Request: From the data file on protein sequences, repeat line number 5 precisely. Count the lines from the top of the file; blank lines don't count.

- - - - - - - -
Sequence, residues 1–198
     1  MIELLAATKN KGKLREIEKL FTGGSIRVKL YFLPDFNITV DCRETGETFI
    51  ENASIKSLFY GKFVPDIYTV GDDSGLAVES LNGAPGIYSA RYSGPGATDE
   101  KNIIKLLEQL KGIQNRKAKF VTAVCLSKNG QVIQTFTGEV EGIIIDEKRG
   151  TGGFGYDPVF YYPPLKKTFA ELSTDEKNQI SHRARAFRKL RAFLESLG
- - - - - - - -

   151  TGGFGYDPVF YYPPLKKTFA ELSTDEKNQI SHRARAFRKL RAFLESLG